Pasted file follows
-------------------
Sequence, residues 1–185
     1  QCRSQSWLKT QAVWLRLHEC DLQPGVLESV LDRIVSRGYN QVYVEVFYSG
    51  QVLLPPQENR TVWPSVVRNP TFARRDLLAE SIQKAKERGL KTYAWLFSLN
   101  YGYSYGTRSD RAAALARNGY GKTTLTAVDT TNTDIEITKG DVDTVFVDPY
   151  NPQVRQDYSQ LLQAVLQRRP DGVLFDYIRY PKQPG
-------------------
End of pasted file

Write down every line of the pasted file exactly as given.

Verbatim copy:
Sequence, residues 1–185
     1  QCRSQSWLKT QAVWLRLHEC DLQPGVLESV LDRIVSRGYN QVYVEVFYSG
    51  QVLLPPQENR TVWPSVVRNP TFARRDLLAE SIQKAKERGL KTYAWLFSLN
   101  YGYSYGTRSD RAAALARNGY GKTTLTAVDT TNTDIEITKG DVDTVFVDPY
   151  NPQVRQDYSQ LLQAVLQRRP DGVLFDYIRY PKQPG